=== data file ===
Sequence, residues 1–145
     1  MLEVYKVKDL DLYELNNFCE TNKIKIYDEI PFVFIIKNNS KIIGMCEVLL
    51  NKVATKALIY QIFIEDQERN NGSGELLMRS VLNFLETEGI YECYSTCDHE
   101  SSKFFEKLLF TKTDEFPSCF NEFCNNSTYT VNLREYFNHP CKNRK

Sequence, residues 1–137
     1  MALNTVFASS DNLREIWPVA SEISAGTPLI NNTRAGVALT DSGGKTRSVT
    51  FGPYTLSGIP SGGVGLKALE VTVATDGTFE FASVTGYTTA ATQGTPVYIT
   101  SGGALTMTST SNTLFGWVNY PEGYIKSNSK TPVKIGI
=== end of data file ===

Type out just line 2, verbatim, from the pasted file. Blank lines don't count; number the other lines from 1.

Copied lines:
     1  MLEVYKVKDL DLYELNNFCE TNKIKIYDEI PFVFIIKNNS KIIGMCEVLL